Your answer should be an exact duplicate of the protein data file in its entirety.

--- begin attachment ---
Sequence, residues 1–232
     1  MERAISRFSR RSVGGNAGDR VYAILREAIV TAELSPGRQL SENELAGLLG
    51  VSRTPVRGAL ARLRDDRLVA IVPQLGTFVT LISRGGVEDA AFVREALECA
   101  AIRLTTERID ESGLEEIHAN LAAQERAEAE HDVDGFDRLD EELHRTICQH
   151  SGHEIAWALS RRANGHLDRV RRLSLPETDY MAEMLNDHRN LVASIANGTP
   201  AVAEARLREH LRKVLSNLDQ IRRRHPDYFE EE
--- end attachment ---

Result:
Sequence, residues 1–232
     1  MERAISRFSR RSVGGNAGDR VYAILREAIV TAELSPGRQL SENELAGLLG
    51  VSRTPVRGAL ARLRDDRLVA IVPQLGTFVT LISRGGVEDA AFVREALECA
   101  AIRLTTERID ESGLEEIHAN LAAQERAEAE HDVDGFDRLD EELHRTICQH
   151  SGHEIAWALS RRANGHLDRV RRLSLPETDY MAEMLNDHRN LVASIANGTP
   201  AVAEARLREH LRKVLSNLDQ IRRRHPDYFE EE